A small city in Western Oklahoma with a population of approximately 10,000 people situated along Historic Route 66, Clinton was once a hub city where several railways operated. Today, it remains a popular stop for folks traveling along Route 66 on their way between Oklahoma City and Amarillo, Texas.

Established when settlers bought the land where Clinton now sits from four Cheyenne-Arapaho who owned it in 1903, the city has had an interest in the arts from its earliest days – it was a stop on the vaudeville circuit and later became home to Western Oklahoma’s first professional ballet company. It’s also one of the most ethnically diverse communities in all of Western Oklahoma with sizable Native American, Hispanic, Vietnamese and African American communities.

What’s more, according to Dr. Susan Adams-Johnson, Executive Director of Scissortail Productions, the nonprofit presenting the first Levitt AMP Clinton Music Series, it’s an incredibly civically minded and supportive community that has a history of helping each other and people in need.

When Adams-Johnson first heard about the Levitt AMP grant, she knew Western Oklahoma could benefit from the influx of resources and opportunities that Levitt brings. The nonprofit that she leads, Scissortail Productions, is dedicated to providing music and theater performances and arts education for the entire state. Initially she wasn’t sure which Oklahoma community to propose for the grant. But during her extensive travels throughout the state for work, she discovered that Clinton’s combination of tremendous interest from local civic leaders and community members combined with the existence of a historic amphitheater centrally located in the town’s McLain Rogers Park, which has a “stunning Hollywood Bowl-style band shell,” made the community a perfect candidate to bring this vision to life.

Adams-Johnson met with Clinton Mayor David Berrong, an active arts supporter, who shared that he had “been looking for a project to rally the community together and preserve that space and use it as a catalyst to recharge the arts in Clinton,” she said. “So I had the sense I was talking to the right people. They sprung into action and the community pulled together, securing the matching funding for the grant.”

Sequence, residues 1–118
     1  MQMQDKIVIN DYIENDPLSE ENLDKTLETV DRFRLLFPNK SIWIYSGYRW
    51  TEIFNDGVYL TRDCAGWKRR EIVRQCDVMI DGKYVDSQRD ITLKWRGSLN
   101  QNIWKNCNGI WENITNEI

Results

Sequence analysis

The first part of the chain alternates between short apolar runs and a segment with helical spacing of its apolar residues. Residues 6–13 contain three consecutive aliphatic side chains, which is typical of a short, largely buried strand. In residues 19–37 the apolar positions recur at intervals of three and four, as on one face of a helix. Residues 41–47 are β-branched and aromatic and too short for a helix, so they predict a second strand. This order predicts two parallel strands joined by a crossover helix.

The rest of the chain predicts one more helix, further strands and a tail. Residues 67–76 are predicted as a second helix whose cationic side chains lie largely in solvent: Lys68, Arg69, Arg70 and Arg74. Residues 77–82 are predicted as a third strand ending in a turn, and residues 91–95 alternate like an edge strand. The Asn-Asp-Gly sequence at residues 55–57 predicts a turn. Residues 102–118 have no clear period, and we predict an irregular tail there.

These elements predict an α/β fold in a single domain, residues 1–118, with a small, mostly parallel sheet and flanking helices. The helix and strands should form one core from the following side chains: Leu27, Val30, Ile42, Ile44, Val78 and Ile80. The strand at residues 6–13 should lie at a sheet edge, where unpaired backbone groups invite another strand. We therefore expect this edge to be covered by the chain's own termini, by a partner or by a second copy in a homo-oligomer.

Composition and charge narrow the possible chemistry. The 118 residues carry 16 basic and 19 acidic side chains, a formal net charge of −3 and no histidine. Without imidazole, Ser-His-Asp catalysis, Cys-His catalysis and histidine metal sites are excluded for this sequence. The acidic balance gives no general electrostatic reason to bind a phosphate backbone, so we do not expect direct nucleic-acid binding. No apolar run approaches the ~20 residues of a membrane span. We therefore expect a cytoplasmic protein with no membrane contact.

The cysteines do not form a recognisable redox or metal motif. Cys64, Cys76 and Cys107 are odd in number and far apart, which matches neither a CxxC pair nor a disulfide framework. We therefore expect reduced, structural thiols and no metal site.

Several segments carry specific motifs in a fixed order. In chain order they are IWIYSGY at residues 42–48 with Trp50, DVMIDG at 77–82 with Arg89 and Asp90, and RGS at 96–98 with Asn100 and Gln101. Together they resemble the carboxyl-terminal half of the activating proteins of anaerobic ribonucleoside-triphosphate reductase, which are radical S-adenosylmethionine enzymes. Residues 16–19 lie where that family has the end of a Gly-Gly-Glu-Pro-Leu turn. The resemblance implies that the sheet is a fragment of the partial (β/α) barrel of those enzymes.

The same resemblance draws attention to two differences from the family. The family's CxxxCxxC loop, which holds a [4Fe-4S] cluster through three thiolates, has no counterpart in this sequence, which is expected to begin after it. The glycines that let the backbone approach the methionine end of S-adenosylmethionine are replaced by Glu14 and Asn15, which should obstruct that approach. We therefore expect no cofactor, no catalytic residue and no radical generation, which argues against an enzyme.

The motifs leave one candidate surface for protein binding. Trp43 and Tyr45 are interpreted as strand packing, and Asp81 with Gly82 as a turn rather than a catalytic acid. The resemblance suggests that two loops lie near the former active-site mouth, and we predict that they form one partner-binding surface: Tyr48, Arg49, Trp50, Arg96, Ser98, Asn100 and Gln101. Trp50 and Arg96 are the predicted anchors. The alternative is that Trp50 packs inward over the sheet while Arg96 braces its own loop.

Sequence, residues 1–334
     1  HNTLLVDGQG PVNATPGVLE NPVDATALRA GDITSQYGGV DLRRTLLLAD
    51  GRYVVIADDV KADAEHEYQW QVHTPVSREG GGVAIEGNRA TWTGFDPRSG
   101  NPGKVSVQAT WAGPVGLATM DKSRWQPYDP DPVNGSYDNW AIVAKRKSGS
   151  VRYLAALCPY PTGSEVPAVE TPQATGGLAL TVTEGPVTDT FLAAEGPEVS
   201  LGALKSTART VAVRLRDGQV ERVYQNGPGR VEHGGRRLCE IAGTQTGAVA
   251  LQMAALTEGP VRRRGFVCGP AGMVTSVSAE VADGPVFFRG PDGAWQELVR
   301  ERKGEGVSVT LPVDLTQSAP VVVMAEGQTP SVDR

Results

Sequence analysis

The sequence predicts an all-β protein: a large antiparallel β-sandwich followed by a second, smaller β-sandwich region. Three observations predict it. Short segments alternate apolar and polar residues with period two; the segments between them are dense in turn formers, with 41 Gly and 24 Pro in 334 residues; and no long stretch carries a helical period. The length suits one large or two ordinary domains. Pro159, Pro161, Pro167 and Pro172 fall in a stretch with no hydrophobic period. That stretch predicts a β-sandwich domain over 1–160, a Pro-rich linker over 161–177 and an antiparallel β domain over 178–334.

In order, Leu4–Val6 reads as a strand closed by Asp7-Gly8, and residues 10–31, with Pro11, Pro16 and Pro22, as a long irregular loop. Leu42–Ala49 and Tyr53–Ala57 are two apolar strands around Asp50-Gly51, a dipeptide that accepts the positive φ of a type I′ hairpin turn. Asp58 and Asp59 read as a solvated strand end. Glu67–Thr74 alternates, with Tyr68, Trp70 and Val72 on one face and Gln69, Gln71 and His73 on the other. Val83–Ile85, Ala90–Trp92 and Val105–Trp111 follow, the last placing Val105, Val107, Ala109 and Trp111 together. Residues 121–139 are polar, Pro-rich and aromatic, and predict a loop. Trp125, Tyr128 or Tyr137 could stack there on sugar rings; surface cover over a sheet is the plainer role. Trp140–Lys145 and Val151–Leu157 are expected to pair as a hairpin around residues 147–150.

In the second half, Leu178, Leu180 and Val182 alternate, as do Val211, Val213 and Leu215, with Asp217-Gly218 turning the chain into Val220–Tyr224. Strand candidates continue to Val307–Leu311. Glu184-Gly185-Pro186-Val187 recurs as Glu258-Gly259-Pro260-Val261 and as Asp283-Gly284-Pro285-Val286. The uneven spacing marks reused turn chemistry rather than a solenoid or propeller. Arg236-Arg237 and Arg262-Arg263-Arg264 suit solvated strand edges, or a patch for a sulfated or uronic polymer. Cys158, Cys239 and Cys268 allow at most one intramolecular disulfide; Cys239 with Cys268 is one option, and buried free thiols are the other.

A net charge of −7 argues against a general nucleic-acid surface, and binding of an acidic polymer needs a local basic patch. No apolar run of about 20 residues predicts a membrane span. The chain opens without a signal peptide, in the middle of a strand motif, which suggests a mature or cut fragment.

McLain Rogers Park is proximate to local high schools and churches, and also features a miniature golf course nearby, so older kids can play “putt putt” and still be able to hear the music while their parents watch the outdoor concerts.

The Levitt AMP Music Series will feature a wide array of artists performing everything from Latin fusion, jazz and reggae to country, folk and EDM. “We worked hard as a committee to select artists that honor the spirit of the Levitt program,” Adams-Johnson said. “It’s also important to me as an Oklahoman that we could bring in people from outside of Clinton to expand their audience. Great talent is one of our top exports. Renowned country artists Reba McEntire, Garth Brooks and Blake Shelton all come from Oklahoma…I could go on and on. Oklahoma has some of the best artists in the world.”

Adams-Johnson added that they made a conscious effort to book acts that would appeal to a wide cross-section of the community in order to make the concert series welcoming to everyone. “Many people here have First Nations heritage. We also have large Hispanic, Vietnamese, Polish and Czech communities. We want to highlight and nurture each of these communities in the state of Oklahoma because they’re vibrant parts of our civic and community life.”

Word is getting out about the Levitt AMP Clinton Music Series and excitement is building, as Adams-Johnson and members of the steering committee have been appearing on local morning TV news programs and several radio shows. They’re also taking out ads in local newspapers and leveraging social media to promote the series.

In another example of the community pulling together, several local hotels have offered free lodging to Levitt AMP performers, and restaurants throughout Clinton have generously offered free meals.

To help make the concerts a place where community members can easily access valuable resources in addition to enjoying the music, organizers are inviting local food pantries, universities and other organizations to set up tables for free at the concerts to offer services, bring recruitment materials and more. “Basically anything we could think of that would be of use to the community, we’ve invited them to come and we’ll make sure they’ll have a space,” Adams-Johnson says.

What’s more, the park is located within easy walking distance of the lower socio-economic side of town and a local veterans home, making it easy for people from different walks of life to attend and enjoy the weekly concerts.

“Our goal is to bring new business and economic opportunities to Clinton through the Levitt AMP concerts,” says Adams-Johnson. “We want Levitt AMP to become that on Friday nights in Clinton, this is what you do.”